Win Tickets ($70): The Tallest Man On Earth @ Revolution Hall | Folk, Indie
We are giving away a pair of tickets to The Tallest Man On Earth @ Revolution Hall on September 26. To win, comment below on this post why you’d like to attend. Winner will be drawn and emailed September 18.
From our sponsors:
The Tallest Man On Earth
September 26, 2023
Doors 7PM, Show 8PM | $35 | All Ages
More info: event.etix.com
1300 SE Stark St., Portland, OR
Kristian Matsson has never remained in one place for very long. Having spent much of the last decade touring around the world as The Tallest Man on Earth, Matsson has captivated audiences using, as The New York Times describes, “every inch of his long guitar cord to roam the stage: darting around, crouching, stretching, hip-twitching, perching briefly and jittering away…Mr. Matsson is a guitar-slinger rooted in folk, and his songs are troubadour ballads at heart.”
Then came 2020, when Matsson left New York City and returned to his farm in Sweden. There, during that quiet, dreary time of isolation, he drowned out his thoughts by manically growing vegetables in his garden. When he tried writing again, during those many months of collective forced solitude, “I just found myself commenting on the darkness,” Matsson says. “I lost my imagination.” Playing live, music and inspiration returned near the end of 2021, and his produce became less of a priority. “When I’m in motion, I can focus on my instinct, have my daydreams again. When I was finally able to tour again, I started writing like a madman.” He eventually had twenty songs he wanted to record in ten days.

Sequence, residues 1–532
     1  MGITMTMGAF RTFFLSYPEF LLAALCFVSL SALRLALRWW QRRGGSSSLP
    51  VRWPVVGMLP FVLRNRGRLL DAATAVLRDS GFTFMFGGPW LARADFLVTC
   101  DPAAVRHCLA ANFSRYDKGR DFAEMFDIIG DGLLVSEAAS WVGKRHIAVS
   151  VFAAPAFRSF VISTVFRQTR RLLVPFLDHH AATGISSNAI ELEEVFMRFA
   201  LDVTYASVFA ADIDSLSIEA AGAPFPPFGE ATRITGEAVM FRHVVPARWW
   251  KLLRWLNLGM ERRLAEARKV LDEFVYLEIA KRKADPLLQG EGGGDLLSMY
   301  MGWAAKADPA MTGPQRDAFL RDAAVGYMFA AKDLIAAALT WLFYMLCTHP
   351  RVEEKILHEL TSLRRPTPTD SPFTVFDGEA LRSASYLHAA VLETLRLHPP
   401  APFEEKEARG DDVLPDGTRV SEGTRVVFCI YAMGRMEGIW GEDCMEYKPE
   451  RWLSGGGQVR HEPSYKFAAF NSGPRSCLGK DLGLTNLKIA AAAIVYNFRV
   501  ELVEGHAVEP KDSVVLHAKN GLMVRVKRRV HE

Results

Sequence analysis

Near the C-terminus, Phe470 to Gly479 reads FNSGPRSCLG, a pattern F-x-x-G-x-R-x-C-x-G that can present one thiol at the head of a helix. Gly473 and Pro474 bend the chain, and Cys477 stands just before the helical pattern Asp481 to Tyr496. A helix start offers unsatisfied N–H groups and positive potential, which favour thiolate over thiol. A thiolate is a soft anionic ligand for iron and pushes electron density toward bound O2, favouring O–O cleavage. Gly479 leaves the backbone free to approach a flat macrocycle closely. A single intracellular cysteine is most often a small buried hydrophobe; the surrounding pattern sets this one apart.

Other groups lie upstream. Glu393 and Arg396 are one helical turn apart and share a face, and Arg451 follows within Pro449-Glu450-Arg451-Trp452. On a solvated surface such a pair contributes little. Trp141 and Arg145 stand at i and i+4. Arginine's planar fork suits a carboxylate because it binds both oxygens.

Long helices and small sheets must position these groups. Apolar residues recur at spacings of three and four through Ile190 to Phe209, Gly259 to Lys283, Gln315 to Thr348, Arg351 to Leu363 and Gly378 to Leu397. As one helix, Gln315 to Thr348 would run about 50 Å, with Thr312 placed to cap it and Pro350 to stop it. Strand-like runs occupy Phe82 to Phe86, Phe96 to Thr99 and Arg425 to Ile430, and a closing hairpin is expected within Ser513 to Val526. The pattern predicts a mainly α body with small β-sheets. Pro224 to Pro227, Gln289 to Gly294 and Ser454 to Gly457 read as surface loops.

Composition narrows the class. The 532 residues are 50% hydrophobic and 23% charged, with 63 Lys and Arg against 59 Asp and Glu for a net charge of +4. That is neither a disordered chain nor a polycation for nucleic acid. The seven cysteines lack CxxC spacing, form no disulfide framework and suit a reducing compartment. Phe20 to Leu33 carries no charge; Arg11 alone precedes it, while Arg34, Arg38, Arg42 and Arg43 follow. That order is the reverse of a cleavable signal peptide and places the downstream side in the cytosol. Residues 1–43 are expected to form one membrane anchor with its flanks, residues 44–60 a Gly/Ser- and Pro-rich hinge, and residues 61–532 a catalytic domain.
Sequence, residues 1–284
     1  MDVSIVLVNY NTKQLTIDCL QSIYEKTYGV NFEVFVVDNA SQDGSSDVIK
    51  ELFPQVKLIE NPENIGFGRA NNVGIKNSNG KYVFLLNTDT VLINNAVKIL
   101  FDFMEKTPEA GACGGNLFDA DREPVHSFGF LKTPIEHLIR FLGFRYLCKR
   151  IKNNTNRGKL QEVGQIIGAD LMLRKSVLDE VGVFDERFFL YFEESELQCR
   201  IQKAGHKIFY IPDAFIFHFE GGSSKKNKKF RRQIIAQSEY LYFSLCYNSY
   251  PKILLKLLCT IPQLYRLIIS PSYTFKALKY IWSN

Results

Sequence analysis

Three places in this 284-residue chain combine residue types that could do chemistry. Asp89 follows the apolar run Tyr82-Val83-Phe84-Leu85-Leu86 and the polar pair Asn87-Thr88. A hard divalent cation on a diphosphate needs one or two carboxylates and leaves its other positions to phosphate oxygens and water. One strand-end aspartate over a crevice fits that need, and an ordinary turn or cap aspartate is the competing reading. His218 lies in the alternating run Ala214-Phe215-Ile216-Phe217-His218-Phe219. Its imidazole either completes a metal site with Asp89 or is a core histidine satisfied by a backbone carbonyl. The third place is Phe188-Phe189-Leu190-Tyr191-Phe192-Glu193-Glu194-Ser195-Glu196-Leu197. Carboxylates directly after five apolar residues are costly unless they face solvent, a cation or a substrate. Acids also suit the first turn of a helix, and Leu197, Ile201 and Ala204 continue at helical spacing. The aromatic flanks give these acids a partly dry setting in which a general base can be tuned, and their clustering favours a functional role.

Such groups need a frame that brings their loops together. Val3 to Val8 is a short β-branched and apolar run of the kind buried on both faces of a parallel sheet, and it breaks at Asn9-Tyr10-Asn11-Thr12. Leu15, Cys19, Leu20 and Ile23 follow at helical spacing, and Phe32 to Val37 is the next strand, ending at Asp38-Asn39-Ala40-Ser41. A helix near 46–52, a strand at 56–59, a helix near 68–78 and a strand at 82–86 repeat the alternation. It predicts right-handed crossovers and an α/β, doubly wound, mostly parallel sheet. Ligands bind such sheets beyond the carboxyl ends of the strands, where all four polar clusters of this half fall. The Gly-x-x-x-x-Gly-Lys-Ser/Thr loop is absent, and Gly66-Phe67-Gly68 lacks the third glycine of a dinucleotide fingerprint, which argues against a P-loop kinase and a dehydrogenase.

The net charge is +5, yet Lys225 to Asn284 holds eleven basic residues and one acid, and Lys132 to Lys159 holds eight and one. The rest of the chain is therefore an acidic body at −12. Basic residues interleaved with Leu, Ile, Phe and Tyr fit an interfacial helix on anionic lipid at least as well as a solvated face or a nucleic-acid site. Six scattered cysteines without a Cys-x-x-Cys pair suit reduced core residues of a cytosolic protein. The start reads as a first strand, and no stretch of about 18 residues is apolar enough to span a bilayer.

Now, Matsson returns as The Tallest Man on Earth with Henry St., his sixth studio album following 2012’s There’s No Leaving Now, full of “vivid imagery, clever turns-of-phrase, and devastating, world-weary observations” (Under The Radar) and 2015’s Dark Bird Is A Home, his “most personal record… surreal and dreamlike” (Pitchfork). Henry St. notably marks the first time he recorded an album in a band setting. “My entire career I’ve been a DIY person––mostly fueled by the feeling that I didn’t know what I was doing, so I’d just do everything myself.” But now, longing for the energy that’s only released when creating together with others, Matsson invited his friends to come and play.
Matsson’s longing for social interchange, after months spent with only his crops, led to the collaboration that delivered the warm, unique and sprawling sound of Henry St. “It’s the most playful, most me album yet, because it covers so many of the different noises in my head. When you overthink things, you get further away from your original ideas. And God knows I overthink things when I’m by myself.” The time in isolation also brought him some newfound peace of mind.